February 13, 2013
ONEWEST BANK, FSB, PLAINTIFF-APPELLEE,
NORMA K. BARBER-CALLISON A/K/A NORMA KAY BARBER-CALLISON AND DOUGLAS ALAN CALLISON A/K/A DOUG CALLISON, DEFENDANTS-APPELLANTS, AND JP MORGAN CHASE BANK, N.A., FIRST GENERAL, INC. D/B/A FIRST GENERAL SERVICES, WAGSHCAL FURNITURE AND PARTIES IN POSSESSION, DEFENDANTS.
Appeal from the Iowa District Court for Polk County, Carla T. Schemmel (motion to dismiss) and D.J. Stovall (foreclosure decree), Judges.
The opinion of the court was delivered by: Doyle, P.J.
Norma Barber-Callison and Douglas Callison appeal from the district court rulings denying their motion to dismiss and granting summary judgment to the bank in this mortgage foreclosure action. AFFIRMED.
Considered by Doyle, P.J., and Mullins and Bower, JJ.
Norma Barber-Callison and Douglas Callison appeal from the district court's rulings denying their motion to dismiss and granting summary judgment to OneWest Bank, FSB in this mortgage foreclosure action. The Callisons argue Iowa Rule of Civil Procedure 1.943, Iowa's double-dismissal rule, bars OneWest's foreclosure action. We affirm the district court.
I. Background Facts and Proceedings.
In 2001, Norma Barber-Callison executed a $196,000 promissory note in favor of lender IndyMac Bank, FSB. The note was secured by a mortgage executed by the Callisons in favor of IndyMac. The Callisons failed to make payments as required by the note.
On August 8, 2007, IndyMac filed a foreclosure petition against the Callisons seeking unpaid principal of $184,983.08 plus interest, costs, and attorney fees. It appears without dispute in the record that shortly after the petition was filed, IndyMac advised its counsel that the Callisons were in an active loan modification plan. Nevertheless, a trial date was set for August 2008. On July 10, 2008, counsel for IndyMac was again advised the Callisons were still in an active loan modification plan, and IndyMac voluntarily dismissed the foreclosure action without prejudice the same day.
In October 2008, IndyMac advised its counsel to initiate foreclosure proceedings "due to a broken loan modification plan." On November 19, 2008, IndyMac filed a second foreclosure petition against the Callisons. It once again asserted an unpaid principal of $184,983.08 plus other costs. The Callisons filed an answer and affirmative defense alleging they did not receive a thirty-day notice of right to cure as required by Iowa Code section 654.2D (2007). A notice to cure letter was then sent to the Callisons. Trial was later set for October 2009; however, IndyMac voluntarily dismissed the second foreclosure action by filing a dismissal without prejudice on May 20, 2009.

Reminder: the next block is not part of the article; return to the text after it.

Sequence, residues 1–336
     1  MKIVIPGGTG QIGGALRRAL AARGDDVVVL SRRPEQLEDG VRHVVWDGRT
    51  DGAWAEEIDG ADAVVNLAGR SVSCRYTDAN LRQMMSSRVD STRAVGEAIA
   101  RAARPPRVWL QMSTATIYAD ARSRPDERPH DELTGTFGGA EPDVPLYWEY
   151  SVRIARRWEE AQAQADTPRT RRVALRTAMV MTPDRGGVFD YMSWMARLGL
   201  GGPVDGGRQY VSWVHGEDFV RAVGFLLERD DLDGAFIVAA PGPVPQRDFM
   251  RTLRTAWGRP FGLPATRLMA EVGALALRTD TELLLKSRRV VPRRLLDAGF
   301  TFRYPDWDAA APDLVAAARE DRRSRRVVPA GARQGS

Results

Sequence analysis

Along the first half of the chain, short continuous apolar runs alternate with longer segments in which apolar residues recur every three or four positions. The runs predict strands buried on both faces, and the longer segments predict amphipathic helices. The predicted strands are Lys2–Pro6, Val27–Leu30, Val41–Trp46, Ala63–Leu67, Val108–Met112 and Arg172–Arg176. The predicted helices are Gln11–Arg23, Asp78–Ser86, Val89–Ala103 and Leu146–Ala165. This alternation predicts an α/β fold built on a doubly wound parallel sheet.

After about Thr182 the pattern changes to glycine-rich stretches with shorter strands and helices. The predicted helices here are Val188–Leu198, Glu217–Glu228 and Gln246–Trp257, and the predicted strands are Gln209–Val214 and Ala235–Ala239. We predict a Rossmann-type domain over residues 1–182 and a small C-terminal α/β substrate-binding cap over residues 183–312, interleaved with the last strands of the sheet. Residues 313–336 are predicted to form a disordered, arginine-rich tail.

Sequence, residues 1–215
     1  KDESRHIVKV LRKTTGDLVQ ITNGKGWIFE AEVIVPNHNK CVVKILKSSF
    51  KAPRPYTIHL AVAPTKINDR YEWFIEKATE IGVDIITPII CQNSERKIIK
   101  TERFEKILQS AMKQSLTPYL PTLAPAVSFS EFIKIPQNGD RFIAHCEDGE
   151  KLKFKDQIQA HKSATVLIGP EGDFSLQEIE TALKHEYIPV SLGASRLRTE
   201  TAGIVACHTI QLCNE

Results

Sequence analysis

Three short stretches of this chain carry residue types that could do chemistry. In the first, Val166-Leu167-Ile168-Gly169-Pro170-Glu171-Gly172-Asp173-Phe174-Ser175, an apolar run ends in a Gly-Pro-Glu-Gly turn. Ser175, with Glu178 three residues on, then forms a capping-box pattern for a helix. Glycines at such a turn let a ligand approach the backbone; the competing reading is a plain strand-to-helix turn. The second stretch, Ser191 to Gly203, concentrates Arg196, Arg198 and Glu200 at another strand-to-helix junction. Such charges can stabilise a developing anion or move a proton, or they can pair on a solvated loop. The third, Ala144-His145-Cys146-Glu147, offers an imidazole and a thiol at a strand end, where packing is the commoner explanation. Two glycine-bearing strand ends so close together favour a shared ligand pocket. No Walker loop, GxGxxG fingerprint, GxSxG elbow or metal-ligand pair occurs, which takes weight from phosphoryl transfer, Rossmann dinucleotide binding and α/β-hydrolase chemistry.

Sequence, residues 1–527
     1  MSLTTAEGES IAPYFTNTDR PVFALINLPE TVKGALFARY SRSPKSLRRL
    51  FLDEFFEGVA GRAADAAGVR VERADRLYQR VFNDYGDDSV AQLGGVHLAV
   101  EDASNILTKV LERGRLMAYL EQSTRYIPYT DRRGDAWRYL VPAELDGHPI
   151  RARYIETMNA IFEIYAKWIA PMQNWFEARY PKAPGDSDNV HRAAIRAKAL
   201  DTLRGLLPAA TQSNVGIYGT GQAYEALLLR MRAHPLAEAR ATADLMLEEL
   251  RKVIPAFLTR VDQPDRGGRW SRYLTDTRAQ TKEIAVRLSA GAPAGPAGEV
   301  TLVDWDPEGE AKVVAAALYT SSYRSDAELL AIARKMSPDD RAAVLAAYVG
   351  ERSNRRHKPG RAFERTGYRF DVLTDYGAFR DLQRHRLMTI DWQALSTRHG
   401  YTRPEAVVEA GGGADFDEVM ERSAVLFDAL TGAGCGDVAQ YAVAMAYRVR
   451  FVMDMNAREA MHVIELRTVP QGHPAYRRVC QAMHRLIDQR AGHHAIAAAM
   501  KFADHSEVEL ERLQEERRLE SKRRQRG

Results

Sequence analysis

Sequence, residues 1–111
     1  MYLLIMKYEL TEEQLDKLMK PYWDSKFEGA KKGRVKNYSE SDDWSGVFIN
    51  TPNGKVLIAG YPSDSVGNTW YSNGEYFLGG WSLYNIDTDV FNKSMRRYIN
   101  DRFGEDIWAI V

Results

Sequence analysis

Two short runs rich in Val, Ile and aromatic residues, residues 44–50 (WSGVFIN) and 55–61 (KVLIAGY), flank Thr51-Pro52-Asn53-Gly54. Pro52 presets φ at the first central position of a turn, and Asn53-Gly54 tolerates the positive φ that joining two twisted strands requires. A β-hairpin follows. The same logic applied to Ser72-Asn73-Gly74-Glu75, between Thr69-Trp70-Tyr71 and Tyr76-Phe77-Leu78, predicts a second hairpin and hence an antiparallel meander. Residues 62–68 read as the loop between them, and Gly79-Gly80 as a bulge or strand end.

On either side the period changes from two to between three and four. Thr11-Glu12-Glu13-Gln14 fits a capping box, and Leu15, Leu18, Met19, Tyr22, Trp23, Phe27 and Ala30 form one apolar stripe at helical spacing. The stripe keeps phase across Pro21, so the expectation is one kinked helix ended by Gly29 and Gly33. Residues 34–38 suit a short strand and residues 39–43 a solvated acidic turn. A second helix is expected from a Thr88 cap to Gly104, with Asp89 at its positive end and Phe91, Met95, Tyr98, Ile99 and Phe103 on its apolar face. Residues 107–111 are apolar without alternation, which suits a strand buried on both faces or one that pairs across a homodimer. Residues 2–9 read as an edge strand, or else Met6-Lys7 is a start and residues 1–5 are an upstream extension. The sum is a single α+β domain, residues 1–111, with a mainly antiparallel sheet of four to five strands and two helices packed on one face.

A third foreclosure action against the Callisons was filed on July 7, 2009 by OneWest, then IndyMac's assignee of the Callisons' note and mortgage.*fn1
OneWest asserted the same unpaid balance as twice previously asserted: $184,983.08. OneWest also sought other costs and attorney fees.
In response to this third suit, the Callisons filed a pre-answer motion to dismiss arguing the action was barred by the application of the double-dismissal rule of Iowa Rule of Civil Procedure 1.943. OneWest resisted the motion, claiming each foreclosure action arose from different defaults by the Callisons and therefore the two-dismissal rule was inapplicable.*fn2 The district court denied the motion to dismiss, holding OneWest "was not a party to the prior filings and thus [did] not fall within [rule 1.943]." Furthermore, the court concluded that to find otherwise, even if OneWest could be considered a party, would discourage banks and those who have mortgages from attempting to work out a payment plan for the existing mortgages and then dismiss foreclosure actions on such resolutions. This would be disadvantageous to all parties in today's economic climate and is not the purpose for which the rule was enacted.
The Callisons then filed an answer to the suit, again asserting the application of rule 1.943 as an affirmative defense.
On May 7, 2012, OneWest filed its motion for summary judgment. The Callisons resisted but did not deny that they had failed to pay the amounts due and owing on the underlying note and mortgage. Instead, they again raised the rule 1.943 double-dismissal defense, and the district court again rejected the defense. The court thereafter granted OneWest's summary judgment motion and entered a foreclosure decree as prayed for by OneWest.